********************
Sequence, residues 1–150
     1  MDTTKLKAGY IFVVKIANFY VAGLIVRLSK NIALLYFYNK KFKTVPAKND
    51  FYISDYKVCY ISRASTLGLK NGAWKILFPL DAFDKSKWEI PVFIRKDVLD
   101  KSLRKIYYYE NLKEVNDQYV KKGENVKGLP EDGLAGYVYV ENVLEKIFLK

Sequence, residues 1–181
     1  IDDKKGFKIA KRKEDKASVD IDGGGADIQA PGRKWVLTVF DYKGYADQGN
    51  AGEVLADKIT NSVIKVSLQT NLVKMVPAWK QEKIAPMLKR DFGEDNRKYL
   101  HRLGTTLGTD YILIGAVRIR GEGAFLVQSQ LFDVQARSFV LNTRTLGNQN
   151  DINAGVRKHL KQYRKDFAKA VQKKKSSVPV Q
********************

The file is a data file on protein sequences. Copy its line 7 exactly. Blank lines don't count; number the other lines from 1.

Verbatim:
    51  AGEVLADKIT NSVIKVSLQT NLVKMVPAWK QEKIAPMLKR DFGEDNRKYL